The Cook County Modernization Report
100-Day Accountability Report
This 100-Day Accountability Report gives a progress update on recommendations to reform Cook County that the Civic Federation made in its Cook County Modernization Report. The 100-Day Report provides an overview of key events in the transition to the new administration of Cook County Board President Toni Preckwinkle, summarizes key findings from the Modernization Report, provides an update on the County’s budget since publication of the original report and includes detailed information on the status of all 36 recommendations.
The administration of Cook County Board President Toni Preckwinkle, who took office on December 6, 2010, has made considerable progress in implementing Modernization Report recommendations in the first 100 days. To the right is a chart summarizing the ratings the Civic Federation used to identify the status of the recommendations 100 days into the new administration.
While the Civic Federation is encouraged by the reforms that have already been implemented, much remains to be done to improve the County’s operations. The Civic Federation is concerned about actions taken during the FY2011 budget process that infringe on the budgetary independence of the Health System and about the administration’s opposition to a separate governing structure for the Forest Preserve District.
Cook County Board President Preckwinkle has also released her own 100-day progress report. Click here to read that report.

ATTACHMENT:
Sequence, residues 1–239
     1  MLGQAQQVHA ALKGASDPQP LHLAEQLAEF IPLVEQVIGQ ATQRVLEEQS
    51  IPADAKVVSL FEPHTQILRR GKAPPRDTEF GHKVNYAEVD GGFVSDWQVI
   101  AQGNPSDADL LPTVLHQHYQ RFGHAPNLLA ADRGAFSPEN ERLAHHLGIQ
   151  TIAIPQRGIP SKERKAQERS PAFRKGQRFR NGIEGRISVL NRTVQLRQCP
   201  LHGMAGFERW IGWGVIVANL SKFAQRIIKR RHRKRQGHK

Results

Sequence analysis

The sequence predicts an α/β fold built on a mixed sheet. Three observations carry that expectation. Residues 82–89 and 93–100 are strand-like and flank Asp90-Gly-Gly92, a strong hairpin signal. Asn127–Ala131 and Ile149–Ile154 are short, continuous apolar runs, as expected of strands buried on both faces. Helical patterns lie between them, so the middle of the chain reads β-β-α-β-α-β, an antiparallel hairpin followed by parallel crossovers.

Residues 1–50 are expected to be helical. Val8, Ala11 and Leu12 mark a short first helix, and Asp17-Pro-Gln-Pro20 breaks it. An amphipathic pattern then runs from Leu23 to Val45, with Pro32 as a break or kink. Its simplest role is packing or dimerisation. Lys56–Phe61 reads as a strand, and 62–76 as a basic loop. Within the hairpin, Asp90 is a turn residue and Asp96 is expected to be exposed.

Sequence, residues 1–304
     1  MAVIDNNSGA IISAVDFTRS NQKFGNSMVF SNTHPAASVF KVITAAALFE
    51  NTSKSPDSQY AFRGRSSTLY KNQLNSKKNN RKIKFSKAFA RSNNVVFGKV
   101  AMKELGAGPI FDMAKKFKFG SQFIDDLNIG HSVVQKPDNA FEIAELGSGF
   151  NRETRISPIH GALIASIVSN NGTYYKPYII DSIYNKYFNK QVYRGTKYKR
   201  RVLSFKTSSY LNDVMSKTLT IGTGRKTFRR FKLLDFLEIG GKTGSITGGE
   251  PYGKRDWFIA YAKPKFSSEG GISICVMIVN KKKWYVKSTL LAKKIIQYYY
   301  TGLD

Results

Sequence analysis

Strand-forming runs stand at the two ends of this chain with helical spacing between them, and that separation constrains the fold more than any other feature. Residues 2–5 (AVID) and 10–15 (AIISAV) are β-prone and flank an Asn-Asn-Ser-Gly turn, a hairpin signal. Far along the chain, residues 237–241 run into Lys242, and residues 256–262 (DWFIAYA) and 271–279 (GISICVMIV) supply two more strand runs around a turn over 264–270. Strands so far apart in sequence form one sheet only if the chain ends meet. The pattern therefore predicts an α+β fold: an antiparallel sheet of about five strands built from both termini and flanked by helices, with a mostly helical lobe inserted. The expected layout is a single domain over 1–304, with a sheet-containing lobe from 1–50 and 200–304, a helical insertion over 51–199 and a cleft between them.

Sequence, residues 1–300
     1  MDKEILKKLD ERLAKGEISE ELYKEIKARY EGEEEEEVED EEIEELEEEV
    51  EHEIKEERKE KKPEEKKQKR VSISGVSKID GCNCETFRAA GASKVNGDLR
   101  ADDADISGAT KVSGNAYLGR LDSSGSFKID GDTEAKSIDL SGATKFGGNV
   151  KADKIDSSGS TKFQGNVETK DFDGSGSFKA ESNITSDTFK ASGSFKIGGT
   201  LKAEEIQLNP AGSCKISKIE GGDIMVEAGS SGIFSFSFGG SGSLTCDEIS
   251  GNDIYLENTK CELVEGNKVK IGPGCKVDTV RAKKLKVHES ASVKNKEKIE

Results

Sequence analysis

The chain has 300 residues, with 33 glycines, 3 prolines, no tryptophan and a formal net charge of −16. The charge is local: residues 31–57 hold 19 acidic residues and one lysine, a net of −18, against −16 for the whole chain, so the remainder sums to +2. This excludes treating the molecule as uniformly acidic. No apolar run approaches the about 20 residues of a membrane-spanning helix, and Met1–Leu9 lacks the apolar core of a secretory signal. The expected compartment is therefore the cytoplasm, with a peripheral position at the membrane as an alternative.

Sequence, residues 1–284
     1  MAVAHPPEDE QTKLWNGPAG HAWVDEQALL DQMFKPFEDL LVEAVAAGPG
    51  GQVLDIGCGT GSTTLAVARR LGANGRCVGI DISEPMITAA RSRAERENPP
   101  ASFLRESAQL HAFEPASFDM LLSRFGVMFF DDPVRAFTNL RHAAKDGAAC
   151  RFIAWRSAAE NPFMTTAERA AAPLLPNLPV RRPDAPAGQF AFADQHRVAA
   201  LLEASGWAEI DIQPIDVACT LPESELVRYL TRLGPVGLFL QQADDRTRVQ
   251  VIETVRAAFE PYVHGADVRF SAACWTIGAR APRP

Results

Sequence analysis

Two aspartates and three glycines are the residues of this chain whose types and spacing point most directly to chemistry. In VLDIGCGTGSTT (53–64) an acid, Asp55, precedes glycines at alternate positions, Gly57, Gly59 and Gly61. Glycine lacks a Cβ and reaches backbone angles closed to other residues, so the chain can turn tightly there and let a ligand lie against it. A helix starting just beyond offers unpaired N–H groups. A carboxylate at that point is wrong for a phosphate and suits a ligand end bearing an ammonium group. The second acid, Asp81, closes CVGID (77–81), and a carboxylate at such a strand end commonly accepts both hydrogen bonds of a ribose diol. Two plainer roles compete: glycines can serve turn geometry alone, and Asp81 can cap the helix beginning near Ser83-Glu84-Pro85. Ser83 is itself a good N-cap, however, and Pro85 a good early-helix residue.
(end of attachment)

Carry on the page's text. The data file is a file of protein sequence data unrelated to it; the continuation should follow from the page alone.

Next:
A Roadmap for Cook County Government
The purpose of the Cook County Modernization Report is to provide leaders of the County with ideas for reshaping and refining County government that will improve service delivery to residents while reducing wasteful spending and decreasing reliance on taxpayer funds.
A Roadmap for Cook County
What Does Cook County Do?
With an estimated 5,287,037 residents, Cook County is the most populous county in the State of Illinois and the second most populous county in the United States, coming only after Los Angeles County in California. The County is 946 square miles in size – of that only 15% is unincorporated by the City of Chicago or other municipalities. The role of Cook County government is to provide healthcare, court and public safety services, as well as administer vital records and assess and collect property taxes. In 2009 Cook County had 24,404 full-time employees on its payroll.
Cook County suffers from several major problems that must be addressed. They are:
Expenditures That Exceed Revenues
The most immediate problem the incoming administration must resolve is a significant deficit in its General Funds budget for FY2011, which according to some reports will stand at approximately $300 million. One of the candidates for Board President has said the County could face a deficit ranging from $250 million to $500 million.
Outmoded Governance Structure and Inefficient Operations
Cook County is a fractured unit of government, with control divided among multiple elected officials and offices. The decentralized governance structure obscures responsibility for decisions, making it difficult for the electorate to hold the appropriate official accountable.
The Cook County Modernization Project
The Civic Federation embarked on the Cook County Modernization Project because it believes these problems must be addressed immediately beginning in December of 2010, when a new President of the Cook County Board of Commissioners takes office. The Modernization Project provides a roadmap for creating a government that is more efficient, less costly and more accountable. It contains recommendations that can be implemented in the first 100 days of the new administration, as well as others that will require a more sustained effort.